State Sen. Eric Johnson's pay-your-taxes-or-else ethics legislation failed to pass yesterday on a show of hands in the Georgia Senate.

No record was kept of who voted for it, or who voted against it. That means the vote, and particularly the "no" votes, can't be effectively used against anybody during an election campaign.

The ad copy would have written itself: My opponent voted against forcing state legislators to pay their taxes. In reality, the matter was much more complicated than that.

The decision to have a simple show of hands instead of a recorded one was the lieutenant governor's to make as president of the Senate. Why he made this decision, I do not know.

Senators I reached out to today did not want to talk about it. Lt. Gov. Cagle's office simply said that "almost all amendments are handled by a voice vote."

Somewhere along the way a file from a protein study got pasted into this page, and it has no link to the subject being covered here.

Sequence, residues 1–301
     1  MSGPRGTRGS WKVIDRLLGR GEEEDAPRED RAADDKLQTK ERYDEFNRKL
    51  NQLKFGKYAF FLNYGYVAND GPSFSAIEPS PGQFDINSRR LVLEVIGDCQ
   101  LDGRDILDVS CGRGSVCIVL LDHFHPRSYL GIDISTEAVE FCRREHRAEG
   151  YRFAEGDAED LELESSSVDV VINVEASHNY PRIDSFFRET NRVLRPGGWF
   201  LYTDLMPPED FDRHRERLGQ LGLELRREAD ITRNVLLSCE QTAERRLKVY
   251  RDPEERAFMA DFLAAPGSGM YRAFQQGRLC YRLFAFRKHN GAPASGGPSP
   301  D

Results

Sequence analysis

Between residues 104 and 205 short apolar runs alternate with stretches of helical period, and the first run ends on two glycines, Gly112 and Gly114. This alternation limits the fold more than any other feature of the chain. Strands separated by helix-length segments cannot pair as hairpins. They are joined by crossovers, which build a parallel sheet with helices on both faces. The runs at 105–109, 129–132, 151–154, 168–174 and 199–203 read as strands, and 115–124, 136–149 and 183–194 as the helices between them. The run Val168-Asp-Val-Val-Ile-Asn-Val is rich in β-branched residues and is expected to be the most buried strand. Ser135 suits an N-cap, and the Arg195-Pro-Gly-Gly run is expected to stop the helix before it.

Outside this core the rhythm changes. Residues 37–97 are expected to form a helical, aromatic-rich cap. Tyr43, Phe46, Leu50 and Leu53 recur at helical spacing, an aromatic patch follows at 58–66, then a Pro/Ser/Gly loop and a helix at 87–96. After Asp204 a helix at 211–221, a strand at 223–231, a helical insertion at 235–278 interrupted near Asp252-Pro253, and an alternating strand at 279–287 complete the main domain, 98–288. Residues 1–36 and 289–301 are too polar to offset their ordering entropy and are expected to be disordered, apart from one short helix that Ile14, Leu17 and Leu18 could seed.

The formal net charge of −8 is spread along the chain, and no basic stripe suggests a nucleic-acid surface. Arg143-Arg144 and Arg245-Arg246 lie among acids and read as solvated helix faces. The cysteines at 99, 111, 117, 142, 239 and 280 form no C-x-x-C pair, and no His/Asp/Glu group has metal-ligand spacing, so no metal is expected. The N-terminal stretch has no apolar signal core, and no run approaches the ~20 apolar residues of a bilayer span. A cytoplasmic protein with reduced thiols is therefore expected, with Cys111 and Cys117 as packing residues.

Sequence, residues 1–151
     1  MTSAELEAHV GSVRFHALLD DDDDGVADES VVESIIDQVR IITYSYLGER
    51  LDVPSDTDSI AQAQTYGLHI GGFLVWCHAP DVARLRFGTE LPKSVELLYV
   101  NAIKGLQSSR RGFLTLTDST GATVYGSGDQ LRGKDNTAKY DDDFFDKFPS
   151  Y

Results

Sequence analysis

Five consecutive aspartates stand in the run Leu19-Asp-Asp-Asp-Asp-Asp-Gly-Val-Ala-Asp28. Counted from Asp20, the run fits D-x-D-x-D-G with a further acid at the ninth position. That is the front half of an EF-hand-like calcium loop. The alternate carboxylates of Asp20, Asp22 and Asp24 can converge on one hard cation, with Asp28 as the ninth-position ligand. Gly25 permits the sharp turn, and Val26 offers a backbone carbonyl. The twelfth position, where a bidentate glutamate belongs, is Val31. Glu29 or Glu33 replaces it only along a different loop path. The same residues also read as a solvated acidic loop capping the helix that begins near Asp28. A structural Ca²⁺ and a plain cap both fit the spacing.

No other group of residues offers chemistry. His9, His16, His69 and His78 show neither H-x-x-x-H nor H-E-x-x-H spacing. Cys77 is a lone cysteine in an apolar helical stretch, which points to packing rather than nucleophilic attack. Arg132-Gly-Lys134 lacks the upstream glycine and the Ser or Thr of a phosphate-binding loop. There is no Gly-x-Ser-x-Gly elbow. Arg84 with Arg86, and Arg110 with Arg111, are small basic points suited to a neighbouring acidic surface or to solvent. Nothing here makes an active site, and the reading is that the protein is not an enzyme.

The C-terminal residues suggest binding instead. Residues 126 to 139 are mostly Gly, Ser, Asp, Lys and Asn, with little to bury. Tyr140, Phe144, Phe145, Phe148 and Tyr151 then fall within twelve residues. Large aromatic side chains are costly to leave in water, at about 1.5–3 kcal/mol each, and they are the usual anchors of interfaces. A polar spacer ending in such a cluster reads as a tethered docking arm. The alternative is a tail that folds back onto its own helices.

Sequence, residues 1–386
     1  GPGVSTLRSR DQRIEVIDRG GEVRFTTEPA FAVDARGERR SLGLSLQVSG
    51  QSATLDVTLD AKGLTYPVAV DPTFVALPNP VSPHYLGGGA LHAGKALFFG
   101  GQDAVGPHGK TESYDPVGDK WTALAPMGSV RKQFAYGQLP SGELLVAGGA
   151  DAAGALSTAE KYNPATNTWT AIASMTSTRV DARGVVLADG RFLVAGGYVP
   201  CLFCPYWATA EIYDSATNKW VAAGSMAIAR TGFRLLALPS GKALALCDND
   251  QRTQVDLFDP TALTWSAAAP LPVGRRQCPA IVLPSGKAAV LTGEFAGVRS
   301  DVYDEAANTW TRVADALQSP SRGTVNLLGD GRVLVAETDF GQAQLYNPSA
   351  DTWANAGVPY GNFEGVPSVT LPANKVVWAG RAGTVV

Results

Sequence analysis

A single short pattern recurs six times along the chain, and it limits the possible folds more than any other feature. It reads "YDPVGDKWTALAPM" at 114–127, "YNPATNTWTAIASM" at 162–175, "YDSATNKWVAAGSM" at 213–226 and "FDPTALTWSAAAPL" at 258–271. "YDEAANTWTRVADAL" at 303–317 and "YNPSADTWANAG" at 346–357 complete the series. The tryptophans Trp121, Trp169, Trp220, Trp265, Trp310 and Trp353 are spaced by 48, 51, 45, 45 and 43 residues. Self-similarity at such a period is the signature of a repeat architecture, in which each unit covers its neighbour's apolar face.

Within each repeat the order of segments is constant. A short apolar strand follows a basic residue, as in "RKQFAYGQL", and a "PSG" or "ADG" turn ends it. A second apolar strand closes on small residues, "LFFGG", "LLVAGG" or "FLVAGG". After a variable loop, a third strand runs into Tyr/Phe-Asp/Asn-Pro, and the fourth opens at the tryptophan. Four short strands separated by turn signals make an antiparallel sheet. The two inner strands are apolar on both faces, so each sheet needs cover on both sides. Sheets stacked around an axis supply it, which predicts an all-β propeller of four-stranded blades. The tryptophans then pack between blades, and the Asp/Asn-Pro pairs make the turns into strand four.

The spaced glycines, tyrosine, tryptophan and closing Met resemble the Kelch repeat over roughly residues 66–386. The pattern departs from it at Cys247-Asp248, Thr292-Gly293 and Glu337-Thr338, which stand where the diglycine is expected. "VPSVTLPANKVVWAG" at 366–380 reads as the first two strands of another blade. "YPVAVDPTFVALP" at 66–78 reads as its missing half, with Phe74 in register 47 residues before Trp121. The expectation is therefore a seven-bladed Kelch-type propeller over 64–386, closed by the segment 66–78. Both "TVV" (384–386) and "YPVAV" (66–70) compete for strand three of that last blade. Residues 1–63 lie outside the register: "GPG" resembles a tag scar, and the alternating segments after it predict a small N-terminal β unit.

But this wasn't just any amendment. And Sen. Robert Brown asked for a roll call vote. He was ignored. So it's a matter of some secrecy, though I'm sure it's also a matter of people simply wanting to put yesterday's ugliness behind them.

And it was ugly. Yesterday in the Georgia State Senate was as ugly as any government preceding I've ever attended, and I used to cover the Macon City Council.

The emails I got over covering this whole situation were ugly. The ones calling me a racist were ugly. The racist ones calling Brown names were ugly. The ridiculous shock from readers, who discovered for the first time that politicians are no different than the rest of us, was ugly in its enraged, anonymous expression in the comments section of our Web site.

I kind of want to move on, too.

The rancor of the populace will quickly find another target. But I can't imagine the rancor that was in that Senate chamber yesterday fading any time soon.